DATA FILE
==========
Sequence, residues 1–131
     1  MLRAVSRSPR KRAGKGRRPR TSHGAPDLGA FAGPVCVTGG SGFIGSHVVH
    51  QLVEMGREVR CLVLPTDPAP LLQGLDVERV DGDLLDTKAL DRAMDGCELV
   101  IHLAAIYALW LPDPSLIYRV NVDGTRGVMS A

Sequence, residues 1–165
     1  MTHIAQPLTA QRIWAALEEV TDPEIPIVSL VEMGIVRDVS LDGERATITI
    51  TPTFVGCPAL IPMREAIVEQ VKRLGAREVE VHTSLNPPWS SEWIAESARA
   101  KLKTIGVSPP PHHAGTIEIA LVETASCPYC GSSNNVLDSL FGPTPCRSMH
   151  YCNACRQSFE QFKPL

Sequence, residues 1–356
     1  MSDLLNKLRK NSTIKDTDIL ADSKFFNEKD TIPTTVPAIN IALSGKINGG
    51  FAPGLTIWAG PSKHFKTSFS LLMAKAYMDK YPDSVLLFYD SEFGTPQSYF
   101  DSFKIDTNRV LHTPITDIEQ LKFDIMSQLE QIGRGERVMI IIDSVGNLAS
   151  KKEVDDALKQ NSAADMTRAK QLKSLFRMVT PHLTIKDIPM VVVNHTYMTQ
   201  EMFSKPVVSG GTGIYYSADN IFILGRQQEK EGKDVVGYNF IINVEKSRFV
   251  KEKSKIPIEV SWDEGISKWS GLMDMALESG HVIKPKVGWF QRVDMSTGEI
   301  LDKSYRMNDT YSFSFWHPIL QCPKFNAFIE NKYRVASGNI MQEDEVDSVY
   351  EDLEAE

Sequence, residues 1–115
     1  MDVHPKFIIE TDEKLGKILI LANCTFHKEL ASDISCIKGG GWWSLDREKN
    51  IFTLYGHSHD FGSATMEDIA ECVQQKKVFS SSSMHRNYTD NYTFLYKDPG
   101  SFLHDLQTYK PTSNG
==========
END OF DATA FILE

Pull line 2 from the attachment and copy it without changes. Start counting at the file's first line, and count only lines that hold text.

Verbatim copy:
     1  MLRAVSRSPR KRAGKGRRPR TSHGAPDLGA FAGPVCVTGG SGFIGSHVVH